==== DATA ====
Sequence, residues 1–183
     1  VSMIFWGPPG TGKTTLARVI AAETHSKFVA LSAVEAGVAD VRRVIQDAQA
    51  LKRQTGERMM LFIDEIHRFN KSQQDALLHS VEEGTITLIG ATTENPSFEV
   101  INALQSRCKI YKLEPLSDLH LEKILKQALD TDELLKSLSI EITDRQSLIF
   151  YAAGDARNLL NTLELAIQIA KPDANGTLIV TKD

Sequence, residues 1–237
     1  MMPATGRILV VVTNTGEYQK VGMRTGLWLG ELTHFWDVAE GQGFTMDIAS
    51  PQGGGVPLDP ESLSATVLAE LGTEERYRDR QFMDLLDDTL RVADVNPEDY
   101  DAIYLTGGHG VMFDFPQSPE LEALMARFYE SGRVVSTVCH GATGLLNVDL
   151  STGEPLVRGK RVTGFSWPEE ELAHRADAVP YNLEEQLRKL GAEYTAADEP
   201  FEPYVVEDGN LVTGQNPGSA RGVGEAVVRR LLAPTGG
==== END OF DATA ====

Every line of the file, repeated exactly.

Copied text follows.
Sequence, residues 1–183
     1  VSMIFWGPPG TGKTTLARVI AAETHSKFVA LSAVEAGVAD VRRVIQDAQA
    51  LKRQTGERMM LFIDEIHRFN KSQQDALLHS VEEGTITLIG ATTENPSFEV
   101  INALQSRCKI YKLEPLSDLH LEKILKQALD TDELLKSLSI EITDRQSLIF
   151  YAAGDARNLL NTLELAIQIA KPDANGTLIV TKD

Sequence, residues 1–237
     1  MMPATGRILV VVTNTGEYQK VGMRTGLWLG ELTHFWDVAE GQGFTMDIAS
    51  PQGGGVPLDP ESLSATVLAE LGTEERYRDR QFMDLLDDTL RVADVNPEDY
   101  DAIYLTGGHG VMFDFPQSPE LEALMARFYE SGRVVSTVCH GATGLLNVDL
   151  STGEPLVRGK RVTGFSWPEE ELAHRADAVP YNLEEQLRKL GAEYTAADEP
   201  FEPYVVEDGN LVTGQNPGSA RGVGEAVVRR LLAPTGG